I’m trying to figure out how to implement “Clock Math” in Tads3. In other words, a clock has 12 possible values [1, 2, 3…12], so when it’s at 12 and 1 more hour is added, the result is 1, not 13. Likewise, we hit December 1st before November 32nd rolls around.
So, I know how to increment a value of something, but how do I cause the “roll-over” effect in clock math? How do I ensure that a value over Z goes back to A and continues counting from there?
I don’t know anything about TADS, but what you are asking for is the mathematic module operation.
hours = ( hours + 1 ) % 12
The ‘%’ sign is the module. It is possible that TADS accepts it as is. The module is the remaining of dividing hours by 12, so you will always get values between 0 and 11.
The module operation can be simulated, if not available, by doing something like this (assuming that ‘/’ is the integral division):
hours = abs( hours - ( ( hours / 12 ) * 12 ) )
At a basic level, I’d have a ‘Time’ object to keep track of the time - with variables for the hour, minute, date, month etc. Then add functions to increase or decrease the time by a certain amount, or set it to a certain time and date. baltasarq’s module calc might come in handy here (TADS does support %, according to this).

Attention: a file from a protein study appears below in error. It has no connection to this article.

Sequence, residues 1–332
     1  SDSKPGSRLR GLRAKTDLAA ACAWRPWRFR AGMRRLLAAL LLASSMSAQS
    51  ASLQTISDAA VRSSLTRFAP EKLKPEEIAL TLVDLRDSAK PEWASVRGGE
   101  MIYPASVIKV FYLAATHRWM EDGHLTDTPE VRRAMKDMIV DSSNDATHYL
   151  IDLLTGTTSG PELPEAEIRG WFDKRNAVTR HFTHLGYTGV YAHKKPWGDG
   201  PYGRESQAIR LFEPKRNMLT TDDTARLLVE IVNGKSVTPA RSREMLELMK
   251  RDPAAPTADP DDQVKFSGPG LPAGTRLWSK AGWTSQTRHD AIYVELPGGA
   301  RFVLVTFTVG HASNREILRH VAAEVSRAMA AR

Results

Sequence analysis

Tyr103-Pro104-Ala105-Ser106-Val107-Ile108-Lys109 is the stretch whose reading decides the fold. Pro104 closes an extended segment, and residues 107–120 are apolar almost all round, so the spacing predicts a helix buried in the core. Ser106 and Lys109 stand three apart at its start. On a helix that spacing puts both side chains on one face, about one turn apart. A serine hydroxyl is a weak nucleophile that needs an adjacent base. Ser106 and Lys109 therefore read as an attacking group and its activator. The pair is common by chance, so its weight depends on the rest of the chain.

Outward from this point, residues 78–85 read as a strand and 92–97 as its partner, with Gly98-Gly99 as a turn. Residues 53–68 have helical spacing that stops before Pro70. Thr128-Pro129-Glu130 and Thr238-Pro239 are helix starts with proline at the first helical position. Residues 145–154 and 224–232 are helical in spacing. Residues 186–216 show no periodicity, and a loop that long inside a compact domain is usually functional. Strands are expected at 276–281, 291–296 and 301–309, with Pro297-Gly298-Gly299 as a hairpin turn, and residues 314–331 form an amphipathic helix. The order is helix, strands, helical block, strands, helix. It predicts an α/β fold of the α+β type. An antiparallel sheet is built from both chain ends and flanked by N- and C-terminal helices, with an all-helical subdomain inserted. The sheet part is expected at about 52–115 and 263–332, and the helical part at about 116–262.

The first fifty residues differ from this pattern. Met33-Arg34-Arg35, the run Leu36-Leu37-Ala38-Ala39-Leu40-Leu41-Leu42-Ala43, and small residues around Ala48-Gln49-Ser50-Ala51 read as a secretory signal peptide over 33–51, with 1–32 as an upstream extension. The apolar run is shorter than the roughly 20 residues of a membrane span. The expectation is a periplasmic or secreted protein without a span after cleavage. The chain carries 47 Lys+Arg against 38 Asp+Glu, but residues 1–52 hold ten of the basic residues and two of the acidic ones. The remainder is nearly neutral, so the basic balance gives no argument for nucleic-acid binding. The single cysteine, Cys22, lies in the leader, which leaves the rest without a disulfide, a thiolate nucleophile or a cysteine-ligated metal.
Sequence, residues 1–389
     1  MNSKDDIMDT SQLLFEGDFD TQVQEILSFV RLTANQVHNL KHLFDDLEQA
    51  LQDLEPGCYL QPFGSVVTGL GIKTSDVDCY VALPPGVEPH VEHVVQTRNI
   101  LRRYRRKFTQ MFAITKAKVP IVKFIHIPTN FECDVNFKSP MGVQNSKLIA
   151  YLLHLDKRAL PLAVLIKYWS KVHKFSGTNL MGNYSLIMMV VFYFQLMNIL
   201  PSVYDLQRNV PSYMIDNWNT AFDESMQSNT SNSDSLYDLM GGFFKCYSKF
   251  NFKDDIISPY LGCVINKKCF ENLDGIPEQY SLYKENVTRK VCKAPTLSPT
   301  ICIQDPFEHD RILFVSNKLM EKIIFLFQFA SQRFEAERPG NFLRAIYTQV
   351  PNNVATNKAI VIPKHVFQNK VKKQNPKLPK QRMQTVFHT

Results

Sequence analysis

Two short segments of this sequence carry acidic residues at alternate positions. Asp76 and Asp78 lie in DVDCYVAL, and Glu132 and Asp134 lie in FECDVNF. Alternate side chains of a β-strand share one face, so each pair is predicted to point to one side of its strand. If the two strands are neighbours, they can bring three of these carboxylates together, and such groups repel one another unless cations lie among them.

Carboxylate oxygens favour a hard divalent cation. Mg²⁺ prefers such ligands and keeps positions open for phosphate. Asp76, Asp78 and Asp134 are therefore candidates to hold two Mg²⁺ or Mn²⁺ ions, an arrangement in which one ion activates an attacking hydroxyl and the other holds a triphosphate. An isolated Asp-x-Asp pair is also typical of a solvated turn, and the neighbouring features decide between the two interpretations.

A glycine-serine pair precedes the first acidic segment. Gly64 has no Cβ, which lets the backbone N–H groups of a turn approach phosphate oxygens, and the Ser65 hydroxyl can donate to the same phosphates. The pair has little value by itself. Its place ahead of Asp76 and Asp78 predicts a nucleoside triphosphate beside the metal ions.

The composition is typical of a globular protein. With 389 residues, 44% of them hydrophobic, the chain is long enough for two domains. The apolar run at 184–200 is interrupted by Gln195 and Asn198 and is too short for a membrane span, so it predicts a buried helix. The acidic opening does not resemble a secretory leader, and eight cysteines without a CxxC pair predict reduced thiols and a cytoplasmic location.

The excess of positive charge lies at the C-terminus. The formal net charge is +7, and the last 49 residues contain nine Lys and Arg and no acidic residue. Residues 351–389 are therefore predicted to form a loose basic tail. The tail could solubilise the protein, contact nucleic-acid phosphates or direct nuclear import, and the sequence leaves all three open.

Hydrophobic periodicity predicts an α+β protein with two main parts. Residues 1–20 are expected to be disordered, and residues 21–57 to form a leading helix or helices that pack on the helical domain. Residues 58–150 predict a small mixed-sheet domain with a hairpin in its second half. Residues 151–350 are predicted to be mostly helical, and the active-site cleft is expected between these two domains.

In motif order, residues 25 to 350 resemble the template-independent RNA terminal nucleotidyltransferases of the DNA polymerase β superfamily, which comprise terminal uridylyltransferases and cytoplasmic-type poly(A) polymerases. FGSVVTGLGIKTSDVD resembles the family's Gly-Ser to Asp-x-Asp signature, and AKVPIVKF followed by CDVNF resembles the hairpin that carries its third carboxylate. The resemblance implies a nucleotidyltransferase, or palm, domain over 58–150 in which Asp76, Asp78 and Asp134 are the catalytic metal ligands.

But if you just want to keep track of time without changing it much, it’s probably just simple enough to write a method like this, to advance time:
(And this method could be called by incrementMinute when minute is greater than 60, etc.)
In terms of dates, I’d keep two lists - one of month names and one of the number of days in each month. The Time object would record the month as a number, but could then look up the name and length in the lists when it needed to print the date or check whether the day needed to be reset to 1.
Woo! Baltasarq, the second method works perfectly! Thanks so much!